“Before the 1998 missile launching, Japan supplied North Korea with 5000,000 pounds of rice and a $500,000 contribution to the United Nations aid organizations in 1995; $6 million to international aid agencies like the World Food Program in 1996; and $27 million to the food program and $841,389 in medical assistance to the International Red Cross in 1997, according to the Foreign Ministry.” (New York Times, 26 August 1999, A9)

“Japan has discussed ending financial backing for the nuclear power plant, and political pressure has risen sharply on Japan to suspend lucrative remittances by Koreans living in Japan. Estimates of the value of the remittances range from $250 million to $600 million a year.” (New York Times, 7 September 1999, A6)

Sources estimate that under cruise ship deal with North Korea “Hyundai [who arrange the tours has] so far paid North Korea $166 million for the tourism rights, and has promised $942 million over five years.” (Washington Post, 23 August 1999, A10)

“In recent years, South Korea has tried trade diplomacy of its own, with limited success. Two-way exchanges totaled $383 million in 1997, but declined to $220 million last year.” (Washington Post, 18 September 1999, A16)

“A second test-launch also would jeopardize what North Korea has gained so far from the international community. The North has received $1.4 billion worth of international food aid in the past four years.” (Far Eastern Economic Review, 30 September 1999, 20)

“North Korea earns about $1 billion a year from its missile sales, and has asked to U.S. for compensation if that source of income were cut off.” (Far Eastern Economic Review, 30 September 1999, 32)

“Suspension of oil would worsen North Korea’s already chronic electricity shortage. US oil provides between 15 and 30 per cent of the fuel used in the country’s power stations.” (Financial Times, 15 November 2002, 2)

“The suspension of oil deliveries may have far less of an effect than anticipated. Peter Hayes, director of the Nautilus Institute, …said his agency estimated that American-supplied fuel may provide only about 2 percent of the country’s energy.” (New York Times, 23 November 2002, A11)

“The White House has … moved to choke of KEDO funding for the current fiscal year [2003]. The administration requested $75 million for the organization last February. But Congress has yet to pass the fiscal year 2003 appropriations bill for foreign assistance and in recent discussions with congressional appropriators the administration has asked that the amount be reduced to $3.5 million, just enough to cover the U.S. share of administrative expenses, according to State Department official and congressional aides.” (Wall Street Journal, 4 February 2003, A8)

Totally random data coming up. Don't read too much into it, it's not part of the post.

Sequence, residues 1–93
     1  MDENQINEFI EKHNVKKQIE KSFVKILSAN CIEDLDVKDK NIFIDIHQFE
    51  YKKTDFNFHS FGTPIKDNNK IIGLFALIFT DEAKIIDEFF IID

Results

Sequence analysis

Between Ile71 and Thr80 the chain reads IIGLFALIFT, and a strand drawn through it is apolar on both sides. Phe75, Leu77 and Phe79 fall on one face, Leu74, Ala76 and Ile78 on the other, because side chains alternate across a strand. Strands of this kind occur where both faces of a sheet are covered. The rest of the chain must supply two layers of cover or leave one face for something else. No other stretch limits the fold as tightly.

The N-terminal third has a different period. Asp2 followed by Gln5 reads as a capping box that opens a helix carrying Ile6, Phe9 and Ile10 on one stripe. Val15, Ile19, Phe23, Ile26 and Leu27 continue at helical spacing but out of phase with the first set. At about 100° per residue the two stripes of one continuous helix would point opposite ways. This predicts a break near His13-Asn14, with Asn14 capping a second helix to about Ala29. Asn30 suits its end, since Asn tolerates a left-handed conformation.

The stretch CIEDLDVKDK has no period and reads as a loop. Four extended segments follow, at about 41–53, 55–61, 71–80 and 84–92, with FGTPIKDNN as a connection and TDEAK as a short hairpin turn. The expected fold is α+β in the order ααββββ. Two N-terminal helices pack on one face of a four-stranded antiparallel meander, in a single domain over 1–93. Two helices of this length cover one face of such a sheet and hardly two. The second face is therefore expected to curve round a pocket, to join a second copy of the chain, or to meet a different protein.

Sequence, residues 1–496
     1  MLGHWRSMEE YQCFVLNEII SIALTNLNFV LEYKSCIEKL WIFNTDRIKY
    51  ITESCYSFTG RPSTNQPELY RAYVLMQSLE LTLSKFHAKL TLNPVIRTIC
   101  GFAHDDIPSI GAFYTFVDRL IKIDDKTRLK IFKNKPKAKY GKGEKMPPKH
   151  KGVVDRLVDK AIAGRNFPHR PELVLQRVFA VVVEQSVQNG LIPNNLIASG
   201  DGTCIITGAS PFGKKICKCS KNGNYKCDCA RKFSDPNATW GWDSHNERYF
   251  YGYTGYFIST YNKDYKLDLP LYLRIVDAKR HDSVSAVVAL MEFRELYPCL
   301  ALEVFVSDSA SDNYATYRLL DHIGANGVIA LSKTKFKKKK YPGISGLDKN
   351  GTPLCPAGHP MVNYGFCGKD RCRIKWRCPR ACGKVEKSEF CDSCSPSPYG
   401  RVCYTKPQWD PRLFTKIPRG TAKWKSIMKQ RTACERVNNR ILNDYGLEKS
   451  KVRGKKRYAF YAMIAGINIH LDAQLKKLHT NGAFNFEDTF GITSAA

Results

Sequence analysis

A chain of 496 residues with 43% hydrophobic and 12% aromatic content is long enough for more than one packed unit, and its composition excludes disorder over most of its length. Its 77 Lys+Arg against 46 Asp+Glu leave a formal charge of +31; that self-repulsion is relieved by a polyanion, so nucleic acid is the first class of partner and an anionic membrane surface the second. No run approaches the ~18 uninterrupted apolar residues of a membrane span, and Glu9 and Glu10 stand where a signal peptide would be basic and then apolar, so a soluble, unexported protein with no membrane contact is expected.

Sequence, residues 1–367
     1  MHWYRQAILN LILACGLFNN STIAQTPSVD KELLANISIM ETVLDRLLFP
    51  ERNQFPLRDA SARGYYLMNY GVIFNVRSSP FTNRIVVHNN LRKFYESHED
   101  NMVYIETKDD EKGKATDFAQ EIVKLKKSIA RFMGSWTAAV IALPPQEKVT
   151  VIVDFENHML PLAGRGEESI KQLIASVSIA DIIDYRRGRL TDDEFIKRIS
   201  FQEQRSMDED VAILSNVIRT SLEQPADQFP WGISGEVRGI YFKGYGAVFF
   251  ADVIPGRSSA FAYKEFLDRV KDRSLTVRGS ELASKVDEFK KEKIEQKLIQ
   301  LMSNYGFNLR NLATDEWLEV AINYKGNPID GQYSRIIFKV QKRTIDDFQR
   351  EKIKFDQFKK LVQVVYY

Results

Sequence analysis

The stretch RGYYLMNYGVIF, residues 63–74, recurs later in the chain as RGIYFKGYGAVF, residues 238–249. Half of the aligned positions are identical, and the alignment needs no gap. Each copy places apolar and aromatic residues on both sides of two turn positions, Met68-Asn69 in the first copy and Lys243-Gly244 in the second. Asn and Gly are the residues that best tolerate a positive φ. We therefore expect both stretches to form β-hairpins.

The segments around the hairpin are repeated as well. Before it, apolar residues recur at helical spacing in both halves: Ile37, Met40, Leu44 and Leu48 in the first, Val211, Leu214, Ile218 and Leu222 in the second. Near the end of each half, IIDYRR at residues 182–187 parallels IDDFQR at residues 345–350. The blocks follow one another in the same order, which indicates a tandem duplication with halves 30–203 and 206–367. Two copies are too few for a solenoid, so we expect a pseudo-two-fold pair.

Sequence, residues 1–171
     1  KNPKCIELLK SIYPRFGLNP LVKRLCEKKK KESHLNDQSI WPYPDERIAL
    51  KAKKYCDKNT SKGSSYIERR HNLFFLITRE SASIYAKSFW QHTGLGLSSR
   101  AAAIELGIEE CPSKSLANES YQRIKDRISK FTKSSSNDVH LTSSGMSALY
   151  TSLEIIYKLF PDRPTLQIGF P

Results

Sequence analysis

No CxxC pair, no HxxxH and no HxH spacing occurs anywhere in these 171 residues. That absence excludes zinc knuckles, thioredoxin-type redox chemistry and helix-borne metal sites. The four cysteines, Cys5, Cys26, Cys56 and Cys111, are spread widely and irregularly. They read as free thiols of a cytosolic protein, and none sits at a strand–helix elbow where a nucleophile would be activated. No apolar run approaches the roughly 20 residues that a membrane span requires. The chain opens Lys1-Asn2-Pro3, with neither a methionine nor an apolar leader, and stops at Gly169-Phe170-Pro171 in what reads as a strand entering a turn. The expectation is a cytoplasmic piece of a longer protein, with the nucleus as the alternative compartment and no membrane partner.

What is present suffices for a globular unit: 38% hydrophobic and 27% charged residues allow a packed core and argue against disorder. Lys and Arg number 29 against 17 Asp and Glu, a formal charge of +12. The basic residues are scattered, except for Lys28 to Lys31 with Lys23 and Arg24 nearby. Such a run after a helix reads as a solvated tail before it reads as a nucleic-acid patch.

Average cost of heavy fuel oil, 1995–2002
(dollars per metric ton)

1995
1996
1997
1998
1999
2000
2001
2002

83
121
108
83
104
180
142
162

Source: CRS 2003, KEDO.


US assistance to North Korea, 1995–2005 (millions of dollars)

FY
Food aid
Medical supplies
KEDO assistance (including fuel oil)
Total

1995
0
0.2
9.5
9.7
1996
8.3
0
22
30.3
1997
52.4
5
25
82.4
1998
72.9
0
50
122.9
1999
222.1
0
65.1
287.2
2000
74.3
0
64.4
138.7
2001
102.8
0
74.9
177.6
2002
82.4
0
90.5
172.9
2003
25.5
0
2.3
27.8
2004
52.8
0.1
0
52.9
2005
7.5
n.a.
n.a.
n.a.
 
Total
701
5.3
403.7
1,102.40

Source: CRS 2003, 1; CRS 2006, 2; White House Press Release, Presidential Determination regarding KEDO Funding, 15 September 2003.
Food aid to North Korea, by donor, 1995–2003 (millions of US dollars)

 
1995
1996
1997
1998
1999
2000
2001
2002
2003a

South Korea
Through United Nations
0.2
3.5
25.3
10.9
0.5
15.8
16.2
19.2
Total
3.4
25.5
27.8
38.5
0.5
68.5
82.0
19.2
Korean government figureb
232.3
4.6
47.2
31.9
46.9
113.8
135.4
 
United States
Through United Nations
0.2
7.2
45.4
171.9
160.7
29.2
102.7
63.5
31.1
Total
9.1
57.4
173.1
160.7
29.2
102.7
63.5
31.1
US government figurec
0.2
8.3
52.4
72.9
222.1
74.3
102.8
82.4
 
European Uniond
Through United Nations
4.0
2.6
49.7
16.3
15.2
4.8
12.4
12.4
21.4
Total
11.9
68.0
53.3
17.5
14.3
17.9
29.4
22.0
 
Japan
Through United Nations
0.1
6.0
27.0
95.7
104.9
Total
6.0
27.0
95.7
104.9
 
Total
Through United Nations
34.4
158.4
215.9
189.9
153.1
248.0
120.7
78.7
Total
272.4
50.3
292.5
335.1
235.9
153.7
375.2
261.4
82.1

a. Through April 27.
b. The South Korean Ministry of Unification figures include both public and private food and non-food assistance. They do not included payments made prior to the 2000 North-South summit or other official meetings, however, and as a consequence the figures may understate the true magnitude of South Korean assistance. See Noland 2003, footnote 11.